Smith v. Wal-Mart Stores, Inc., 305 F. Supp. 2d 652 (S.D. Miss. 2003)

U.S. District Court for the Southern District of Mississippi - 305 F. Supp. 2d 652 (S.D. Miss. 2003)
October 31, 2003

305 F. Supp. 2d 652 (2003)

Kermit D. SMITH, et al. Plaintiffs
v.
WAL-MART STORES, INC., et al. Defendants

No. CIV.A. 3:03CV538LN.

United States District Court, S.D. Mississippi, Jackson Division.

October 31, 2003.

Delano Funches, Funches & Associates, Jackson, MS, for Plaintiffs.

Walter J. Brand, Kenneth E. Milam, Amy Camille Felder, Watkins & Eager, Jackson, MS, Edward Blackmon, Jr., Blackmon & Blackmon Law Firm, Canton, MS, for Defendants.

 

*653 MEMORANDUM OPINION AND ORDER

TOM S. LEE, District Judge.

This cause is before the court on plaintiffs' motion to remand pursuant to 28 U.S.C. § 1447. Defendants Wal-Mart Stores, Inc. (Wal-Mart) and Sam's Club, Inc. (Sam's) have responded in opposition to the motion, and the court, having considered the memoranda of authorities, together with attachments, submitted by the parties, concludes that plaintiffs' motion should be granted for reasons that follow.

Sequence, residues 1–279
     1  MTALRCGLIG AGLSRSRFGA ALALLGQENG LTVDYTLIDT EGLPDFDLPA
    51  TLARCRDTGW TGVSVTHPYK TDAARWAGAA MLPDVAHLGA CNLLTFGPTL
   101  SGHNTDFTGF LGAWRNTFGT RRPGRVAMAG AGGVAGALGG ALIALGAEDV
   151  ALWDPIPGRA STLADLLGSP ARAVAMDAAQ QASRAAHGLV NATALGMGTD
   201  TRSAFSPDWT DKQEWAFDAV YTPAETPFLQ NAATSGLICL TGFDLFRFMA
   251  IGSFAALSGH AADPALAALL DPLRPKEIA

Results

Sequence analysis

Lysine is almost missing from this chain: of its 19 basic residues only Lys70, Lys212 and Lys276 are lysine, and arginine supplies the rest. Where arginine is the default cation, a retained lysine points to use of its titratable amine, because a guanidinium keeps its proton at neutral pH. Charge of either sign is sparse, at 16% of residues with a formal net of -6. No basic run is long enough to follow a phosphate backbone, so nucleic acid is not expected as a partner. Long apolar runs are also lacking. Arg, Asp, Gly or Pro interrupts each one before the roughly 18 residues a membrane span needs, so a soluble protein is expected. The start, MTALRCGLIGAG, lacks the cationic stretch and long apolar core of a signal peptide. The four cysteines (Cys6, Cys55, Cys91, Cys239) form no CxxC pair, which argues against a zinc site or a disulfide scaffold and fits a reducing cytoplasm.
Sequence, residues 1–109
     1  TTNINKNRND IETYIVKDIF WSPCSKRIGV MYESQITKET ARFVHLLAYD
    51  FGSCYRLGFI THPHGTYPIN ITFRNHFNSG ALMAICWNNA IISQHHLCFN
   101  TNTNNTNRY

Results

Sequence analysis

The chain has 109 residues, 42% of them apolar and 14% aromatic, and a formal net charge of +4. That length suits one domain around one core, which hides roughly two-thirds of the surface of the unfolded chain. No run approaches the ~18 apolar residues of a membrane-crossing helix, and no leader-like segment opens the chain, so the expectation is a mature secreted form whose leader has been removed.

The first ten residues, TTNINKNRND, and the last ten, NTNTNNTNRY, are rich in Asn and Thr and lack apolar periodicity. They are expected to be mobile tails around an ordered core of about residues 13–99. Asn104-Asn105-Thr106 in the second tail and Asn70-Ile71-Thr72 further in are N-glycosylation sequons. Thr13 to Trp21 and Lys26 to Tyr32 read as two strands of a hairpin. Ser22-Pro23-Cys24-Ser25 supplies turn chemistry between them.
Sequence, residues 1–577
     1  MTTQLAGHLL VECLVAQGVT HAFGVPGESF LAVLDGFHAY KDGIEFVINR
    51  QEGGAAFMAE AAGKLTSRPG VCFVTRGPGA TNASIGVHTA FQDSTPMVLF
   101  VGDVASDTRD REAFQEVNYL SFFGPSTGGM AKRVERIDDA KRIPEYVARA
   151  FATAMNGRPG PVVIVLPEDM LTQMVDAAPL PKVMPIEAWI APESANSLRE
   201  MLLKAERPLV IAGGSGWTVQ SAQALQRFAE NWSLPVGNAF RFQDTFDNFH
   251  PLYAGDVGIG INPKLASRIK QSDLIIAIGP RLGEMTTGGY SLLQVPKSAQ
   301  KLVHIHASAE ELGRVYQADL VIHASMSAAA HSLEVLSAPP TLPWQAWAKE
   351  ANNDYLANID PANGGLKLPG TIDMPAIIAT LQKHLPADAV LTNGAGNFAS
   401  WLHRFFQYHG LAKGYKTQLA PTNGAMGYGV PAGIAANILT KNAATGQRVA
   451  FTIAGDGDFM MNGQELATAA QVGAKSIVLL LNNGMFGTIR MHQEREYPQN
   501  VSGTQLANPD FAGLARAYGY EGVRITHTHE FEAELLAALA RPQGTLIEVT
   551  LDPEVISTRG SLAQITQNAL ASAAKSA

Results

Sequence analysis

On December 31, 2002, the sixty-two plaintiffs, all current or former employees of Wal-Mart or Sam's at various locations throughout Mississippi, filed suit in the Circuit Court of Holmes County, Mississippi against Wal-Mart, Sam's and twenty-nine individuals identified as managers of Wal-Mart or Sam's during the periods of the respective plaintiffs' employment. In their complaint, plaintiffs alleged claims of intentional interference with contractual rights, conversion, fraud, fraudulent concealment, civil conspiracy and breach of contract based on allegations that plaintiffs were not properly compensated for all the hours they worked because defendants either manipulated their time sheets to reflect they had worked less time than they actually had or required plaintiffs to work "off the clock." Additionally, plaintiffs asserted a claim of false imprisonment based on allegations that at times, they were locked in the store and not allowed to leave.

Defendants timely removed the case on the basis of diversity jurisdiction, contending that the individual defendants, all of whom were alleged by plaintiffs to be residents of Mississippi, have been fraudulently joined to defeat diversity. Plaintiffs promptly moved to remand, claiming that they have asserted cognizable claims against these resident/nondiverse defendants, who thus cannot be found to have been fraudulently joined.